Plextek aims to make drones invisible by covering them with E Ink panels

UK-based Plextek Consulting is developing E Ink based panels to cover drones with an aim to make them invisible. Plextek is using 8 inch by 10 inch E Ink panels that are monochrome and lightweight (probably flexible panels). The panels can change their pattern and design and by adding a camera can help camouflage the drone.

Plextek actually wanted to cover military vehicles, but this was too difficult and they switched to drones. Making military vehicles and aircraft invisible using flexible displays is an old idea - I remember the US military playing around with flexible OLEDs back in 1998 or so.

E Ink like panels to enable smart windows that dynamically change their opacity and color temperature

Researchers from the University of Cincinnati, in collaboration with Merck and HP are developing low-cost large films that can be used to create smart windows that can dynamically adapt for brightness, color temperatures and opacity.

The so-called electro-kinetic pixel technology is based on the electrophoretic principle - the same one used in E Ink panels. The researchers are developing a way to create large-sized sheets of those pixels at low cost.

E Ink launches a new Spectra Yellow ePaper display

Two years ago, E Ink announced the Spectra e-paper panels that feature three pigments - black, white and red. Today the company announced an expansion of that product line to include the Spectra Yellow, which can show black, white or yellow colors.

The Spectra panels are aimed for electronic shelf label (ESL) retail applications. E Ink says that red and yellow are two of the most widely used colors relevant to in-store displays and signage. Spectra panels support both active-matrix and segmented format displays.

Bookeen and SunPartner co-develop a solar-powered e-reader

Bookeen and solar innovator SunPartner are developing an e-reader with a built-in solar panel. SunPartner's technology (called Wysips - What You See is Photovoltaic Surface) enables a transparent solar panel to be embedded in the display. This means that the device will charge when light is present - even while reading and you do not have to turn it over.

Most mobile devices use too much power to be actually solar charged, but with an e-reader this may work very well. Bookeen aims to release the solar-powered e-reader in 2016.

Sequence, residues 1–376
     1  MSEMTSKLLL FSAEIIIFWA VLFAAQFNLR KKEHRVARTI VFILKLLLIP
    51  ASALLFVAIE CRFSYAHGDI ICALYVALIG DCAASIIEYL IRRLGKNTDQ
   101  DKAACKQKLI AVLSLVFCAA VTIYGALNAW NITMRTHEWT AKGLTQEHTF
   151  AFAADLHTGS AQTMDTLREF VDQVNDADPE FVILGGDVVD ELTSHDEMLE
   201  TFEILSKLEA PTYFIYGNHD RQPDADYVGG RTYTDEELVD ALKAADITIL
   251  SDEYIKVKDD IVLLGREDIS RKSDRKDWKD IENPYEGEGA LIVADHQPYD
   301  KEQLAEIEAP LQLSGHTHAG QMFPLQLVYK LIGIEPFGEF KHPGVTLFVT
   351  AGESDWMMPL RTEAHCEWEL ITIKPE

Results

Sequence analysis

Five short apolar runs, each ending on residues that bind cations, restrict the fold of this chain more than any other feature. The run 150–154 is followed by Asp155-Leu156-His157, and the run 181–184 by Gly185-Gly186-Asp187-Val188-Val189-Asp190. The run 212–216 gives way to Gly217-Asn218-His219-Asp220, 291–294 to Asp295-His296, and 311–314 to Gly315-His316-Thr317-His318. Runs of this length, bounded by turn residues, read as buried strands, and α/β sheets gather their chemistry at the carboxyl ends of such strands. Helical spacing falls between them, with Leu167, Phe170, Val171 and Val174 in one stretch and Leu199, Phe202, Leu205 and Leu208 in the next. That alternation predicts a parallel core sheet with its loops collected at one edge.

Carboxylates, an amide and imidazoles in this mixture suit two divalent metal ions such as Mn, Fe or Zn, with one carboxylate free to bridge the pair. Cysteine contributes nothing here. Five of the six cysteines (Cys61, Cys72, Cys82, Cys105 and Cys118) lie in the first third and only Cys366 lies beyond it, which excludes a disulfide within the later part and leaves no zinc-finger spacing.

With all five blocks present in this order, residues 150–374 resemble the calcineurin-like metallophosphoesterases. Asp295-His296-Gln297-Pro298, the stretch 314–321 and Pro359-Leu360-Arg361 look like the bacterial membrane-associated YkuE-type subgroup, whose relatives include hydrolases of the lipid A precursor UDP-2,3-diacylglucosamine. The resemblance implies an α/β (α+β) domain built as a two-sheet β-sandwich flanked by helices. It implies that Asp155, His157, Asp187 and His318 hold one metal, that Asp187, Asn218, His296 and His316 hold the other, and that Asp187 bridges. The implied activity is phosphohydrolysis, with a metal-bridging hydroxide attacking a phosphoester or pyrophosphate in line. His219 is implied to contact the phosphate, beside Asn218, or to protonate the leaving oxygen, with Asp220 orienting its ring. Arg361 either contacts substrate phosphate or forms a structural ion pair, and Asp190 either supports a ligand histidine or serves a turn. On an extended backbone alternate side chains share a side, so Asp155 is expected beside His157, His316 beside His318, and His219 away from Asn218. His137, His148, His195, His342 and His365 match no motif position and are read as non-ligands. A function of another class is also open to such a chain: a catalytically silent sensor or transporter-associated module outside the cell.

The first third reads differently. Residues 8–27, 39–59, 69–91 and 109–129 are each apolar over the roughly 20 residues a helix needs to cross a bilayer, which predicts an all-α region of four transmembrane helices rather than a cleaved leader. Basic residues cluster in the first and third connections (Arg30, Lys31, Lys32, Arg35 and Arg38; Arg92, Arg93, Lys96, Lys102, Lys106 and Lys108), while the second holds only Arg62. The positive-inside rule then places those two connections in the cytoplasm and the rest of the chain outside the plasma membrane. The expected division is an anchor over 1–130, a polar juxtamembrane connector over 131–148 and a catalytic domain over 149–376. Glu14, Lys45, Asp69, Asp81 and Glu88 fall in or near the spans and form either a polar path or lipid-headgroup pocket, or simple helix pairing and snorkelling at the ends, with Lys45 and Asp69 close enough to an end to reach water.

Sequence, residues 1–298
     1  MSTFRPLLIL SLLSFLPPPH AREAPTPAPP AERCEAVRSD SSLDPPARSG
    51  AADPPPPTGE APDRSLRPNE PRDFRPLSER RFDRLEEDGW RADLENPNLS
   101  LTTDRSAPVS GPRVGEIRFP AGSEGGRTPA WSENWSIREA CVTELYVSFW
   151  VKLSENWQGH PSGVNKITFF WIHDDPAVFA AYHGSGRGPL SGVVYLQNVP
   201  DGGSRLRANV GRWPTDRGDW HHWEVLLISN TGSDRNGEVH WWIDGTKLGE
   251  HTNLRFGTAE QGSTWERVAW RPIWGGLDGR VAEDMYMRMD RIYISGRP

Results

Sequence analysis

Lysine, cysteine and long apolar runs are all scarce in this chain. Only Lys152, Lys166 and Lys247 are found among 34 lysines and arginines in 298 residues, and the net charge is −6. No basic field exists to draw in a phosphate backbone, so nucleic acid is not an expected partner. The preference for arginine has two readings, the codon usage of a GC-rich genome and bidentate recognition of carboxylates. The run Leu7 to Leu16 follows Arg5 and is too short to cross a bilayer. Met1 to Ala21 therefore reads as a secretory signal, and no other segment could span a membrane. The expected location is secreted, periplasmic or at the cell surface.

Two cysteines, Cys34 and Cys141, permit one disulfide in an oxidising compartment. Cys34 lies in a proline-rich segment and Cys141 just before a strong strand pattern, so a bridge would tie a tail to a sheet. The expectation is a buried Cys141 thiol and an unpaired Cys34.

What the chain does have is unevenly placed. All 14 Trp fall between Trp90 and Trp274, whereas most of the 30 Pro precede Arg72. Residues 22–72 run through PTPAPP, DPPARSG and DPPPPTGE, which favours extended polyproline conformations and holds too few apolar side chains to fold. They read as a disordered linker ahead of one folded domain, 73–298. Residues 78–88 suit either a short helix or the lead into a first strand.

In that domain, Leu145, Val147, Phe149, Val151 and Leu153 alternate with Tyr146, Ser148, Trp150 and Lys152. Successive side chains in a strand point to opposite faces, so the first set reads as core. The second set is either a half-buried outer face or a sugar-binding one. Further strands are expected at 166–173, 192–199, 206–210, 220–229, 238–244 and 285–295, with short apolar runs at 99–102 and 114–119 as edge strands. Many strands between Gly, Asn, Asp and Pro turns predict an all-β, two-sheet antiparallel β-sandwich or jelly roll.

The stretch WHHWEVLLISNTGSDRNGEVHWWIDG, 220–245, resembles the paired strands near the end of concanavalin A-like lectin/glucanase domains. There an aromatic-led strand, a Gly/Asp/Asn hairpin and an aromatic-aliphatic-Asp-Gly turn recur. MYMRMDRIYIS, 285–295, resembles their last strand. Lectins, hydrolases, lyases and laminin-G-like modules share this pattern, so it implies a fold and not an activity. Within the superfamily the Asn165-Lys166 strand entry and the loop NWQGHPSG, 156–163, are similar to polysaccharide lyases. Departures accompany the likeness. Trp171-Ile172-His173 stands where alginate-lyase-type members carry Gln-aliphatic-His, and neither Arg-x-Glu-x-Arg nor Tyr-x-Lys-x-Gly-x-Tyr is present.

Phase-change materials could enable ultra-low-power color displays

Researchers at Oxford University developed a phase-change based display. These materials, the same materials used to make some rewrite-able DVD discs, may enable ultra-low-power (non-volatile) full-color displays with a much faster refresh rate compared to E Ink displays.

The researcher use small jolt of power to change the crystal structure of the material, which changes the way light bends when it hit it, and so it changes the color of the material. Light reflects of each of the layers in different ways, canceling some wavelengths and amplifying others—green and blue light might be eliminated, leaving red, for example. Varying the thickness of the layers, or the voltage applied to the phase change material, affects what colors each pixel in a display shows.

Qualcomm shows next-gen SMI-Mirasol displays with a higher color gamut and pixel density

Qualcomm unveiled their next-generation Mirasol displays that use a single mirrors to achieve a better color gamut than previous Mirasol displays. These new displays are called SMI (Single Mirror IMOD). Qualcomm showed prototype 5.1" , 2560x1440 (577 PPI) displays.

In SMI-IMOD displays, a single pixel can create all colors - there's no need for three different subpixels as in previous generation IMOD displays. An IMOD (Interferometric Modulator) display shows a color using a mirror film that changes its orientation to create a cavity that interferes with the light. An SMI-IMOD pixel has a mirror that change both its orientation and depth - which enables it to show all colors.

E Ink announced the thin-glass substrate based Fina display

E Ink announced a new thin and lightweight EPD technology branded E Ink Fina. The Fina uses a very thin glass substrate that enables it to be lighter and thinner than previous E Ink displays. They weigh less than 50% compared to glass-based LCDs and are less than 50% thick. A 13.3" Fina display weighs about 60 grams.

E Ink also announced the first e-reader to use the Fina, the PocketBook CAD reader. This 13.3" device sports a 1Ghz dual-core CPU, 2GB of RAM, 16 GB of storage, a large 8000 mAh battery, Wi-Fi, 3G and it runs Android 4.0.4. It includes a Wacom digitizer for both touch and stylus input.